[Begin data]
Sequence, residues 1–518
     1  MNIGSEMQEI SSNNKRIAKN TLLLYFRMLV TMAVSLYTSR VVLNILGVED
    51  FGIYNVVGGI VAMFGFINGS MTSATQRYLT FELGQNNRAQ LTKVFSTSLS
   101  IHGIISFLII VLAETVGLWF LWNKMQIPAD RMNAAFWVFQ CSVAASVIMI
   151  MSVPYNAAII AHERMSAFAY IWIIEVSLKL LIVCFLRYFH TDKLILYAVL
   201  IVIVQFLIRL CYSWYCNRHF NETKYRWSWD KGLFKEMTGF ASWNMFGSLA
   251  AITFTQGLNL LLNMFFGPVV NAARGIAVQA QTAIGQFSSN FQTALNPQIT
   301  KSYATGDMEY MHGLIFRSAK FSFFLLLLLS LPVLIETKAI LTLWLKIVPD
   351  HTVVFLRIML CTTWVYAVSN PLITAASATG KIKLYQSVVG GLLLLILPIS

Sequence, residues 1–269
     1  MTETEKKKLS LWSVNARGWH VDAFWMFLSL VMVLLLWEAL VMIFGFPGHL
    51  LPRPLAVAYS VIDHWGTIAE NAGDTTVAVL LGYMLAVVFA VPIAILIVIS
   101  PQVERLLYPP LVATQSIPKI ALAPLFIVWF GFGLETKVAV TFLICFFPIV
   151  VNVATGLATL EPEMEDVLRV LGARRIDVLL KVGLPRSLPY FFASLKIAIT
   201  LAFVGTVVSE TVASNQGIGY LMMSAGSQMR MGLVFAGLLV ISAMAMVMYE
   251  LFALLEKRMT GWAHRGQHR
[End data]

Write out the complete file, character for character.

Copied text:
Sequence, residues 1–518
     1  MNIGSEMQEI SSNNKRIAKN TLLLYFRMLV TMAVSLYTSR VVLNILGVED
    51  FGIYNVVGGI VAMFGFINGS MTSATQRYLT FELGQNNRAQ LTKVFSTSLS
   101  IHGIISFLII VLAETVGLWF LWNKMQIPAD RMNAAFWVFQ CSVAASVIMI
   151  MSVPYNAAII AHERMSAFAY IWIIEVSLKL LIVCFLRYFH TDKLILYAVL
   201  IVIVQFLIRL CYSWYCNRHF NETKYRWSWD KGLFKEMTGF ASWNMFGSLA
   251  AITFTQGLNL LLNMFFGPVV NAARGIAVQA QTAIGQFSSN FQTALNPQIT
   301  KSYATGDMEY MHGLIFRSAK FSFFLLLLLS LPVLIETKAI LTLWLKIVPD
   351  HTVVFLRIML CTTWVYAVSN PLITAASATG KIKLYQSVVG GLLLLILPIS

Sequence, residues 1–269
     1  MTETEKKKLS LWSVNARGWH VDAFWMFLSL VMVLLLWEAL VMIFGFPGHL
    51  LPRPLAVAYS VIDHWGTIAE NAGDTTVAVL LGYMLAVVFA VPIAILIVIS
   101  PQVERLLYPP LVATQSIPKI ALAPLFIVWF GFGLETKVAV TFLICFFPIV
   151  VNVATGLATL EPEMEDVLRV LGARRIDVLL KVGLPRSLPY FFASLKIAIT
   201  LAFVGTVVSE TVASNQGIGY LMMSAGSQMR MGLVFAGLLV ISAMAMVMYE
   251  LFALLEKRMT GWAHRGQHR